There have been many nations affected by systemic racism and the Covid pandemic over the past few months. Systemic racism became an accepted business centuries ago. The United States was certainly not alone in the promotion of the slave trade as many European countries were also active in this terrible business of human trafficking. Through many years of enlightenment, the world began to see the injustice of enslaving fellow human beings. Slowly laws were written to make slavery illegal and to give basic human rights to all women and men of all racialized groups. However, the damage had been done regarding how many were taught to believe in the inferiority of black people.
In these days of pandemics and other factors that threaten to divide people on the global and national stage, the world must look to America to lead us towards a fairer, more just society that respects and welcomes the diversity of races, cultures and religions. The very issues that divide a nation can be used to strengthen it. We see these issues in America and Canada and around the world but how do we overcome them?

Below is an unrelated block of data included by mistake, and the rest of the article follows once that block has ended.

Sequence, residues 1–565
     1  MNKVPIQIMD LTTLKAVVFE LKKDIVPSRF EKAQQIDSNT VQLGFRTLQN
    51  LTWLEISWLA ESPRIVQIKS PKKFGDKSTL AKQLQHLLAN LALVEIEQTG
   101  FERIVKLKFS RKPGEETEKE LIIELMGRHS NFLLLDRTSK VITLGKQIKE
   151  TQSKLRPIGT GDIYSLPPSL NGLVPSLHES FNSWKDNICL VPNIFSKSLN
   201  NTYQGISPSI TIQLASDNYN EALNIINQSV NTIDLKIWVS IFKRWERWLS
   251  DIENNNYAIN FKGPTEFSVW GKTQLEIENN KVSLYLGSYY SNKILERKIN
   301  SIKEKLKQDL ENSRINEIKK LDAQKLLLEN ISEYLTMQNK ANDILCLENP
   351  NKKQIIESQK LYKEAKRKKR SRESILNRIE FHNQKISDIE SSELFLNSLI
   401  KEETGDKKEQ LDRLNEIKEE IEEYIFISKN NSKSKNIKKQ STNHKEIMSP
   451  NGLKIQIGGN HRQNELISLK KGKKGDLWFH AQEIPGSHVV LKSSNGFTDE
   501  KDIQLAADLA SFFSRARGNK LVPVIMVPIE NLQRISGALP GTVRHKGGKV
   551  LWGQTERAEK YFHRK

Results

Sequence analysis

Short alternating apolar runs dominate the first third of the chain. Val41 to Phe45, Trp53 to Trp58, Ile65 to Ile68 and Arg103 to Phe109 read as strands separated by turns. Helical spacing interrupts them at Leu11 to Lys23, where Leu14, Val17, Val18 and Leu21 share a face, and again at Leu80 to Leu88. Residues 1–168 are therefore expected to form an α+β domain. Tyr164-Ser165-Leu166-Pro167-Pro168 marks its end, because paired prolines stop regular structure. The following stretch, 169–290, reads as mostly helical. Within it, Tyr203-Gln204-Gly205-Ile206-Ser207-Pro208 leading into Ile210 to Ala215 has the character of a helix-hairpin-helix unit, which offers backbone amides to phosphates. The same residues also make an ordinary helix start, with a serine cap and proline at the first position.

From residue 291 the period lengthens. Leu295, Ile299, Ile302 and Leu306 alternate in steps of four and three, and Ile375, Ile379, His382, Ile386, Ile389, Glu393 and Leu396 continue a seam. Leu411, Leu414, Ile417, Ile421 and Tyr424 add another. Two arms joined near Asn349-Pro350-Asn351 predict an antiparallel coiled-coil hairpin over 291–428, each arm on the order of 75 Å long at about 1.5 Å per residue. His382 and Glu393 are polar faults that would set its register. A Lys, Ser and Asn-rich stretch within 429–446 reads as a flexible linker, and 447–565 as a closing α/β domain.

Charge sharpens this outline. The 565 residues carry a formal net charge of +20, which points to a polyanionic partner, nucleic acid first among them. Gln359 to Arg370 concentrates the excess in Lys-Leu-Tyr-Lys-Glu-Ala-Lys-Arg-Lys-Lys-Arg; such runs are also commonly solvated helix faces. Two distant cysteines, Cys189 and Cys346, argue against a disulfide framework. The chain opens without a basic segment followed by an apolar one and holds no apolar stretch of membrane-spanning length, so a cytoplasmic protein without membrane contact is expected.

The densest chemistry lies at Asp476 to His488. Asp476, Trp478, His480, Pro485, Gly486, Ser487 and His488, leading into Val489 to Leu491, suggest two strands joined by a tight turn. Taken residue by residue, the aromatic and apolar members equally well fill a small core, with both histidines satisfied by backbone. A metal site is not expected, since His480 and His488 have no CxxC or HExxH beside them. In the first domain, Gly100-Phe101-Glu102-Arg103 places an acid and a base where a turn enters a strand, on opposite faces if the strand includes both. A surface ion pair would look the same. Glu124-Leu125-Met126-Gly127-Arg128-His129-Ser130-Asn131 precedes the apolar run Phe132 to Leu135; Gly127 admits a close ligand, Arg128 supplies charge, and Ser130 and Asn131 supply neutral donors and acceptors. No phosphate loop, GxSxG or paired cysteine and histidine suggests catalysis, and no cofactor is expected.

It may well be as simple as listening and respecting one another in away that characterizes our Vincentian charism. We must listen with both our heads and our hearts to understand these divisive issues and use this new understanding and enlightenment to heal the wounds that we all see and feel. Let us look at the issues of division through the eyes of those most affected and seek their support in addressing how to overcome past injustices. The global world needs a truly United States of America to lead us towards this healing. I hope and pray that the USA can heal the wounds of systemic racism and this pandemic, and use the strength of a great nation that includes great leaders of various racialized groups to once again demonstrate to the global world what can be achieved.
About the author:
Jim Paddon lives in London, Ontario, Canada and is a Canadian Vincentian. He is currently chair of the National Social Justice Committee of the Society in Canada. He is married to his dear wife Pat and they have six daughters and eleven grandchildren. Jim has been a member of the Society since the 1970’s.
Opinions expressed are the author’s own views and do not officially represent those of the Society of St. Vincent de Paul.